KEEP, a universal emulator or a complete waste of time?
Alerted by the inexorable advancing of the next digital dark age, the European academy started a preservation plan for digital contents and artefacts with great ambitions. The KEEP (Keeping Emulation Environments Portable) project considers with particular care videogames and intends to create what has been defined the first “general purpose” emulator, capable of providing access to obsolete media and formats for nowadays and future generations.
The need to archive the bit heritage of a mankind accustomed to digital language is an instance that is spreading among researchers, just look at the case of the National Videogame Archive hosted in Bradford Media Museum, middle England. KEEP, that involves several universities and researchers from Europe, follows however a rather different path because it embraces the principle of software emulation for obsolete hardware, to make the contents developed for that hardware be always available for anyone even when the original machines will have ceased to work.
Funded with 4.02 millions euros, the project describes the so-called “first” general purpose emulator like “a piece of software which can recognise and ‘play’ or open all previous types of computer files from 1970s Space Invaders games to three-inch floppy discs“. “Early hardware, like games consoles and computers“, says KEEP lead Dr. David Anderson from Portsmouth University, “are already found in museums. But if you can’t show visitors what they did, by playing the software on them, it would be much the same as putting musical instruments on display but throwing away all the music. For future generations it would be a cultural catastrophe“.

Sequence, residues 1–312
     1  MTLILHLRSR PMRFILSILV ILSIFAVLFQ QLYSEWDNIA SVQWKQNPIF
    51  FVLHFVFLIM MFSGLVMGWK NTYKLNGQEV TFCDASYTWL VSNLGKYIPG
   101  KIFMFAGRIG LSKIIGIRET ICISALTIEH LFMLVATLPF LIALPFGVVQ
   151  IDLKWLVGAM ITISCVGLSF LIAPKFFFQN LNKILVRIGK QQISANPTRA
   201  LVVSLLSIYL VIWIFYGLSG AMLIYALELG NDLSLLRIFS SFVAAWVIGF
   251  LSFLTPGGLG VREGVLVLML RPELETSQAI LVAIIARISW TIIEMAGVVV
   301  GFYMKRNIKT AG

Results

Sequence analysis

KEEP is therefore primarily designed to guarantee accessibility for digital contents, be they management software, arcade videogames, audio tracks or database files created with Lotus 1-2-3 for MS-DOS, the first “killer application” for the original IBM PC. “A vast bank of information needs to be catalogued and stored“, says the computer games expert and Anderson partner at Portsmouth Dan Pinchbeck, and among this data videogames keep a particular role because they are seen by the industry as “disposable, pulp cultural artefacts“, while instead they represent “a really important part of our recent cultural history“, “one of the biggest media formats on the planet” hence they deserve to be preserved “for future generations“.